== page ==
Lighthouses can be seen either just by boat, a grounds-only visit, or inside a museum or visitor center. Some are still in operation through the U.S. Coast Guard. Learn more about them at the Maine Lighthouse Museum in Rockland.

The Marshall Point Lighthouse at the Marshall Point Lighthouse Museum, near Port Clyde, has a cinematic moment. Its wooden catwalk served as a marker for Forrest Gump’s run across the country in the 1994 movie. Pemaquid Point Light in Bristol is depicted on Maine’s commemorative state quarter.

Going Recreational

Bethel Outdoor Adventure & Campground in Bethel offers bike rentals and kayak clinics. Their guides know much about canoeing and kayaking along the Androscoggin River as well as other area rivers and lakes. Maine’s Department of Transportation has a booklet on 25 popular bike trips in the state.

The Desert of Maine in Freeport is an exposed glacial slit that was found by accident by the land’s family owners. Today, it’s for exploration.

One way to see Maine’s waters is by windjammer. The Maine Windjammer Association represents 12 Maine windjammers operated by U.S. Coast Guard-licensed captains. Maine Windjammer Excursions take passengers aboard their turn-of-the century cargo schooners.

Go whale watching on Odyssey Whale Watch and Nature Cruises in Portland or through Camden’s Bar Harbor Whale Watch Company’s excursion boats.

Guides at the New England Outdoor Center in Millinocket provide expert instruction in rafting techniques and water safety. North Country Rivers, based in Bingham, schedules rafting trips on the Kenenbec, Dead, and Penobscot rivers along with other ventures. Seacoast Fun Parks in Windham and Trenton offer adrenaline-filled and more relaxed attractions.

Maine’s Museums

Seven top museums belong to The Maine Art Museum Trail. They include Bates College Museum of Art (Lewiston), Bowdoin College Museum of Art (Brunswick), Colby College Museum of Art (Waterville), Farnsworth Art Museum (Rockland), Ogunquit Museum of American Art (Ounquit), Portland Museum of Art (Portland), and University of Maine Museum of Art (Bangor).

The Peary-MacMillan Arctic Museum at Bowdoin contains navigational instruments and other artifacts from Admiral Robert E. Peary’s 1909 expedition to the North Pole. See Peary’s summer home at Eagle Island State Historic Site.

Maine State Aquarium in West Boothbay Harbor has a collection of regional fish and touching tanks. Poland Spring Museum in Poland Spring chronicles the history behind the bottled water company.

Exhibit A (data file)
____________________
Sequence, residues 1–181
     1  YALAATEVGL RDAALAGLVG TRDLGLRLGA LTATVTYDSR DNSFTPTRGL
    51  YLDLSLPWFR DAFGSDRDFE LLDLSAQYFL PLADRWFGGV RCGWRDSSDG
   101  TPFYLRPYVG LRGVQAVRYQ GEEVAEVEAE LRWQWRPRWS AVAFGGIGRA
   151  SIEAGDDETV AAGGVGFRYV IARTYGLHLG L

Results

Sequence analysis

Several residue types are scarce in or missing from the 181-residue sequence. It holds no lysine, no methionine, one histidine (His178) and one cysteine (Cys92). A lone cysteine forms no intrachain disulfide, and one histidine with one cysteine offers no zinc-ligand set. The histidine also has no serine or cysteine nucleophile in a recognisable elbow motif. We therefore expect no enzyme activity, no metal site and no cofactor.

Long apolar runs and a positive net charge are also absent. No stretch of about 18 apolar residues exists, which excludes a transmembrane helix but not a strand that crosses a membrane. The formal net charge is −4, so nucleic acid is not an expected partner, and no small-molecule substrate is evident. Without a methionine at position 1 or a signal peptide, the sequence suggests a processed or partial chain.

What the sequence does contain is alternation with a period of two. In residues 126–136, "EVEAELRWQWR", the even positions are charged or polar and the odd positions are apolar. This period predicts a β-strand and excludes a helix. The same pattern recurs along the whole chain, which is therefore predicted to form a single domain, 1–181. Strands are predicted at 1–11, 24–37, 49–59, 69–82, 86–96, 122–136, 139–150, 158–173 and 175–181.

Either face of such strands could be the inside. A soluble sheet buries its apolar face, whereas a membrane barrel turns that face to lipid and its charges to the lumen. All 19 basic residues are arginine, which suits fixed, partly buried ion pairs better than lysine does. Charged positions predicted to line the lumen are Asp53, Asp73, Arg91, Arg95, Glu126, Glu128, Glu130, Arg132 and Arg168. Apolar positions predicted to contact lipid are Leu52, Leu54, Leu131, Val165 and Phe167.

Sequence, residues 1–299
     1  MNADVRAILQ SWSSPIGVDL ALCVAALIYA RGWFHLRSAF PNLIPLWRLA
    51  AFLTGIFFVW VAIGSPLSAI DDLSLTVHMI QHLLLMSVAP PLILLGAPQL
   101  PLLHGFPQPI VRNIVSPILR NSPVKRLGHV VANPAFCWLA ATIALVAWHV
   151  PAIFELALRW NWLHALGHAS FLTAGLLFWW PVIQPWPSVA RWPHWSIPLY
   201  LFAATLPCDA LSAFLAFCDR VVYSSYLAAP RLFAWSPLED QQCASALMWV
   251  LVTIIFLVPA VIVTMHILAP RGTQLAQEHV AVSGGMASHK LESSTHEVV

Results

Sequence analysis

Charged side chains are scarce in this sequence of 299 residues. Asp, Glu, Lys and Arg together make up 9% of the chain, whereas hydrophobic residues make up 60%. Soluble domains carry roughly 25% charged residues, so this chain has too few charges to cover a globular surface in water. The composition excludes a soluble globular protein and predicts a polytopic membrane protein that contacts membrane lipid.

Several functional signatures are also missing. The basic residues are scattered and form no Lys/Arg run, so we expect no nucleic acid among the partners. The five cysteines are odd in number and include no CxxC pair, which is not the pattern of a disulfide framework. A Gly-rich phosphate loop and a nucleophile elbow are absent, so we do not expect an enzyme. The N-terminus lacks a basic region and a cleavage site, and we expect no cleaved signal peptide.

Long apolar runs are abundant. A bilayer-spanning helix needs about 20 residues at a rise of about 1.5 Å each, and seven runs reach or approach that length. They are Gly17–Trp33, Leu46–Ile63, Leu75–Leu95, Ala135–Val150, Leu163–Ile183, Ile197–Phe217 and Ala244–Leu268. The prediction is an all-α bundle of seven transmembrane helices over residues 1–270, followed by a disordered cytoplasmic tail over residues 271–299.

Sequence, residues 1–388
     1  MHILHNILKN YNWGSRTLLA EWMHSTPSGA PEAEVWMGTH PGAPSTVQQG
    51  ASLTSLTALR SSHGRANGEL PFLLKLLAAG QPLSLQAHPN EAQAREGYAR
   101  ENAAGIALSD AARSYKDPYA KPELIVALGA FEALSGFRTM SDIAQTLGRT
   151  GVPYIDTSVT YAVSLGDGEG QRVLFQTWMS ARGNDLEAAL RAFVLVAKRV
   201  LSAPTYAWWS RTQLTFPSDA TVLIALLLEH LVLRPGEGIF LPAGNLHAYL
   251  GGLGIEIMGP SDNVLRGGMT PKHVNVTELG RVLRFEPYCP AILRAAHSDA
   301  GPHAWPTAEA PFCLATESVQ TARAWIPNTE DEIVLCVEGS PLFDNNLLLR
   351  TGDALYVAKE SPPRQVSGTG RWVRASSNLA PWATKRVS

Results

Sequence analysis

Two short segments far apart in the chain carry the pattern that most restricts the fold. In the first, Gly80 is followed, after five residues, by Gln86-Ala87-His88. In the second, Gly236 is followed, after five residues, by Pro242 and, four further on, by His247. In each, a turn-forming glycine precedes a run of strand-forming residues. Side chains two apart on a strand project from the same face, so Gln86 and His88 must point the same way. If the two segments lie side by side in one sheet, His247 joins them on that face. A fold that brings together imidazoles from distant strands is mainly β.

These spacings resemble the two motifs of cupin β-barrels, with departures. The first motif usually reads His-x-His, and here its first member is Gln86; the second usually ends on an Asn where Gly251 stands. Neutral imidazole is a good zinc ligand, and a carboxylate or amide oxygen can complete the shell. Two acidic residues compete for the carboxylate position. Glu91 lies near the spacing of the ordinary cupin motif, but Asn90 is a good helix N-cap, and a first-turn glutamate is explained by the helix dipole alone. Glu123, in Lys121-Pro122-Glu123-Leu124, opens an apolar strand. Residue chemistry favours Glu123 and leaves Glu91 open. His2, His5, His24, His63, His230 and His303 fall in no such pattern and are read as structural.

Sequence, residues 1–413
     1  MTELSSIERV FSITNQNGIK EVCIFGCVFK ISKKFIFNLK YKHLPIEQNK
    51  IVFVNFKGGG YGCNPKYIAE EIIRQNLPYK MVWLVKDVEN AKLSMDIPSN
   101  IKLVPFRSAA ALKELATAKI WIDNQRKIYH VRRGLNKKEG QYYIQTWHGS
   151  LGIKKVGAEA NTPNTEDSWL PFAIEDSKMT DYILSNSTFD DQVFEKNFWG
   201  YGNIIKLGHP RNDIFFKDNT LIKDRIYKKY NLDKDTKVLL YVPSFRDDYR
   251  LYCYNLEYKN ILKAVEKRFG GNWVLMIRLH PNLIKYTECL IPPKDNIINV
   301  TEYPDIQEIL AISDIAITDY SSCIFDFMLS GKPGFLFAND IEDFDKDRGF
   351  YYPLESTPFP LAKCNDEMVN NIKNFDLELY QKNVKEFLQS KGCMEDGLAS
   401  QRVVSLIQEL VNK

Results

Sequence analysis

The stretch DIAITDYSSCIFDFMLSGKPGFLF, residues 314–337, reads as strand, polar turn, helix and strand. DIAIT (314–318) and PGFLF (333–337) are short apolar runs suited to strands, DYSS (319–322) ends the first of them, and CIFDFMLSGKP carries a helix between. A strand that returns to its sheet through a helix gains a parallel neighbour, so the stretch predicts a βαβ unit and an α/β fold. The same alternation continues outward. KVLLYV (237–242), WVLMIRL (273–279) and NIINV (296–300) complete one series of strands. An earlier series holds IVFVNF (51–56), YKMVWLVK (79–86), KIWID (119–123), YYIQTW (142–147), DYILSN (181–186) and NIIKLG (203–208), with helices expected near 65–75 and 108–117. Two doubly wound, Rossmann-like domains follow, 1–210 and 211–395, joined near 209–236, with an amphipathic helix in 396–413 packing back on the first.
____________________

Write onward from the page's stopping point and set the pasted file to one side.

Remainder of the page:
Going Shopping

The Kittery Outlets is Maine’s shopping Mecca with little factory outlet shopping malls equipped with top name-brand retailers and cut-rate designer stuff.

Freeport is also lined with outlets and craft/novelty stores. L.L. Bean has been a fixture since it opened there in 1917. The locks on the doors were removed in 1951 when the decision was made to keep the store open 24 hours.

Like antiques? Maine is noted as a source for dealers, particular along Route 1 and through the Maine Antiques Dealers Association.

At Stonewall Kitchen’s flagship store in York, sample jams and spreads before placing an order from the on-site deli. Browse through handy kitchen accessories. Across from the Maine State Information Center in Yarmouth is the DeLorme Map Store. Find a wide selection of maps, the firm’s trademark state atlases, and CD-ROM map products.

Good Eats

Before October goes by quicker, find lobster pounds that are still open. Five Islands Lobster Co. in Georgetown offers dining on seafood alfresco.  The Lobster Pound in Lincolnville Beach brags about its homemade lobster stew and soft shell clams.

The annual Maine Lobster Festival happens in early August at Rockland’s Harbor Park. Can’t wait? Foliage Food & Wine Festival in Blue Hill (October 15 – 17) is a culinary weekend filled with wine dinners, tastings, receptions, workshops and tours. Portland’s Harvest on the Harbor (October 21 – 23) will feature an epicurean delight of gourmet hors d’oeuvres paired with the right pours.

The Maine Brewers’ Guild promotes the state’s craft brewed industry of more than 20 breweries. See how potatoes turn into vodka at a tour of the Cold River Vodka in Freeport.


Learn about Maine’s farms and gardens through the Maine Organic Farmers and Gardeners Association. Come Sunday, Oct. 10, to sample local cheese made at creameries during the Maine Cheese Guild’s Open Creamery Day or catch the end of the Fryeburg Fair, the state’s largest agricultural fair.

Learn more about Maine here:

Maine Bureau of Parks and Lands

Maine Tourism Association

Maine Office of Tourism